• PTVI3 – Includes athletes who are less severe partially sighted athletes. One guide is mandatory throughout the race. Must ride a tandem during the bike segment. A guide from the same nationality and gender is mandatory throughout the race. Must ride a tandem during the bike segment.

Both PTWC1 and PTWC2 classes compete in the same PTWC Medal Event. All the ambulant classes (PTS2-PTS5) compete in their own medal event and the three visual impaired classes (PTVI1, PTVI2 and PTVI3) compete into the PTVI medal event.

For a description of all classes please link to the IPC’s Laymen’s Guide for Paralympic Summer Sports.

ITU has implemented some modifications to the classification system that was introduced in 2014 after further research was conducted to address certain aspects of the previous system. The research project is an ongoing project for both physical and vision impairments.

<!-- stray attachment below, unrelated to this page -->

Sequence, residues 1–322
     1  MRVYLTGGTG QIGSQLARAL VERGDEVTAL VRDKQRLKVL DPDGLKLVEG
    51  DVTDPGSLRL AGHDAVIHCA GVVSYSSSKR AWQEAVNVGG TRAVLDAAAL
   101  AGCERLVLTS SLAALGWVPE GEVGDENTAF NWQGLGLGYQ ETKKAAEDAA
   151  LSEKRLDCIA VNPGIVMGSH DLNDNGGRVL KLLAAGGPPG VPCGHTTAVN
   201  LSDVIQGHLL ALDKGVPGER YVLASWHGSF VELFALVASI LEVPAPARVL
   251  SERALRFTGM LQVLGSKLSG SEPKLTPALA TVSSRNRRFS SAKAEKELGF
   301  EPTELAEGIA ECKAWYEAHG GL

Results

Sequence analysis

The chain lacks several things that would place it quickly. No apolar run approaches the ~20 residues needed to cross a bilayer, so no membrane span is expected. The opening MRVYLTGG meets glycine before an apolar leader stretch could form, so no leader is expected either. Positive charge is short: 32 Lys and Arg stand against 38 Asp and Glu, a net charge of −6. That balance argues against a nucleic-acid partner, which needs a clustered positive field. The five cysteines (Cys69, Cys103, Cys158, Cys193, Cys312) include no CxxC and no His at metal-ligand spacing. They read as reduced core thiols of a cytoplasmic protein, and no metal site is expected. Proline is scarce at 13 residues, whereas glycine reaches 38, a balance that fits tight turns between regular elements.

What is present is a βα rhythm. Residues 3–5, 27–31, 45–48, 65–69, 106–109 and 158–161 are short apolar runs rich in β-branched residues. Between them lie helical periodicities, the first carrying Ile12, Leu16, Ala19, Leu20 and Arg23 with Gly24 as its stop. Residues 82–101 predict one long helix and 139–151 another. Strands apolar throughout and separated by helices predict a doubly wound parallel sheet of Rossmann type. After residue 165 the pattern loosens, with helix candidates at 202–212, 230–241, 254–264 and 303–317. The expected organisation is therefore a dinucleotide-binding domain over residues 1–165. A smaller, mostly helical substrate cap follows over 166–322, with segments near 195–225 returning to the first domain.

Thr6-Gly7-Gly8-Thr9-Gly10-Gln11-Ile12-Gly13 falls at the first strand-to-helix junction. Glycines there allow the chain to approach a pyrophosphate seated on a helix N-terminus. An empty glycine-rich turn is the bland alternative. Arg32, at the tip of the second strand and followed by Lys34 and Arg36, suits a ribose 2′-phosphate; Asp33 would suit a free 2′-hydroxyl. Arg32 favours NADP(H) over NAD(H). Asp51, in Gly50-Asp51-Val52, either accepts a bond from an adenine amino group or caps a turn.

Paratriathlon races are contested over the “sprint” distance:  750m swim, 20km bike and 5km run.

Duathlon races are also contested over the “sprint” distance:  5km run, 20km bike and 2.5km run.

Athletes with a disability who are outside this classification system can still take part in triathlon events but there is no formal paratriathlon pathway.

How to get involved?

To get involved in triathlon, use our Find a Club page to find your nearest club.  Then contact the club to enquire about going along or simply turn up to one of their training sessions.  Make sure you explain to the coaches your ability levels so they know what you can do so they can make adaptations for you to be able to join in with the club session.

Furthermore, if you fancy getting involved in coaching, officiating or volunteering at your local club, get in touch with your local club contact or check out or coaching, officiating and volunteering pages.

What do I need?

You may be surprised to know that you don’t need lots of fancy, expensive kit to get involved in triathlon.  Basic requirements are: